Tuesday, April 6, 2010

Nuclear Stewardship Treaty

We have to come to terms with the awesome responsibility of being able to split and fuse atoms. There's simply no choice. And it's pollyannish to think we can just eliminate and disallow the production of explosives based on fission and fusion with the stroke of a few more bilateral treaties.

Looking back...at the Future.
Elie Wiesel is asked in 1988 the impossible question: If you had to choose whether you would do with the science of the 20'th century and its atrocities, or without the benefits of the science of the 20'th century and its atrocities, which would you choose?'
And the Non-Proliferation Treaty (NPT), the main multilateral treaty to control nuclear arms, although noble in its intent to safeguard us against this frightening and yet fascinating knowledge, did not provide us with the societal mechanisms needed to bridle these sub-atomic abilities of ours. The NPT was simply an attempt to freeze the world in a 1960's state and work backwards from there. Humanity never works backwards, if it can help itself. Humanity is hopelessly progressive. Which is why I have proposed a new treaty which takes into account that, despite our best efforts at disarmament, nuclear weapons will be part of our human condition for some time to come. I have called this new treaty the Nuclear Stewardship Treaty.

The treaty would still embrace the reduction and eventual elimination of nuclear weaponry as safeguards for national sovereignty. But, unlike the NPT, it would establish criteria for being a worthy steward of this dangerous technology; an incentive for not being a steward of nuclear explosives to begin with; foster cooperation among those who despite such incentives harbor nuclear weaponry; and establish the goal of eventually integrating all arsenals into a tightly safeguarded joint operation.

Its preamble would acknowledge the dangers posed by nuclear technology, whether peaceful or military. It would then state that those who choose to use and develop such technologies have awesome responsibilities for all of humanity. And that its military use poses a threat not only to those engaged in any given conflict but to all nations of the world.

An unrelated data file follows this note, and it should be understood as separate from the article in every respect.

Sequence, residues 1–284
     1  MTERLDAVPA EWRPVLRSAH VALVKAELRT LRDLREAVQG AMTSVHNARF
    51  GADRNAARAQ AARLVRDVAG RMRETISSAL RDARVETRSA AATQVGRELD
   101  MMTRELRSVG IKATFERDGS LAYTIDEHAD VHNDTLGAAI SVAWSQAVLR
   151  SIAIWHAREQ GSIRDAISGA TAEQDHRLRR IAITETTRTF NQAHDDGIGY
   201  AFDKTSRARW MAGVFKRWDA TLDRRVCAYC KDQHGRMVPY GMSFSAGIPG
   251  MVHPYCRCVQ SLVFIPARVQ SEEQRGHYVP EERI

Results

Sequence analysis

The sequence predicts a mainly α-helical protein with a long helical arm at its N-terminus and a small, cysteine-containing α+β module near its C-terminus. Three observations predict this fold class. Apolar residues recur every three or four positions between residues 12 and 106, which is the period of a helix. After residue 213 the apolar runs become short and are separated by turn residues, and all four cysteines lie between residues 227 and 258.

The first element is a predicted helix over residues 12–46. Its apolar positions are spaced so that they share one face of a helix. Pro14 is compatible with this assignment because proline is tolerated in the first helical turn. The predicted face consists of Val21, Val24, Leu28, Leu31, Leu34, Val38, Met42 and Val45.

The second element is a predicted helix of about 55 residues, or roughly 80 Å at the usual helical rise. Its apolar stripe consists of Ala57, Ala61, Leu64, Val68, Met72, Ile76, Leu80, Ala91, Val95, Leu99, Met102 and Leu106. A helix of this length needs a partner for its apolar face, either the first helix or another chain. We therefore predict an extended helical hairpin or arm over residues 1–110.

The treaty itself would state that those who have chosen to be so called stewards of nuclear explosives must have appropriate national structures to prevent the use of nuclear explosives except under the most extraordinary of circumstances. Such threats would be defined as acts or events that truly threaten the very existence of humanity as such. There would be no mention of nuclear explosives as legitimate means to simply defend national sovereignty.

The appropriate national structures would be defined as:
  • A military and civilian infrastructure that can effectively safeguard its nuclear technology against those intent on harming others
  • A military that is under the command of a civilian government
  • A civilian government that has been chosen by the people through fair, honest and regularly recurring elections
The treaty would require stewards to cooperate in securing and safely deploying their nuclear explosives and formally establish an organization that oversees such cooperation. This organization would be the seed for a joint military command that provides not local but global security.

The last part of the Nuclear Stewardship Treaty would impose a form of tax on the stewards of nuclear explosives: stewards would be obligated to supply high grade fissionable material that can be used for civilian purposes to a common pool. Signatory nations that are not stewards would be entitled to a share of that pool based on some formula that takes into account their population and other relevant factors (such as GDP and capacity to produce energy). This last aspect of the treaty would establish a clear incentive to not develop and maintain nuclear arsenals.

Such a treaty would still embrace disarmament but recognize the reality that we live in an often extremely hostile universe . The ability to cause explosions through fission and fusion will not disappear from our body of knowledge without some catastrophe of cataclysmic proportions. And, yes, I recognize that a self-inflicted nuclear holocaust could be such a cataclysmic event. But this is the conundrum that we must live with as long as we continue to deepen our scientific investigations of the microcosm.

Why international trust and disarmament is not enough – The real threat of human insanity:

Part 1

Part 2

Part 3

Religious perspectives on nuclear weaponry:

Watch the full episode. See more Religion & Ethics NewsWeekly.

Assessing the threats and the constant uncertainties:

Watch the full episode. See more Need To Know.

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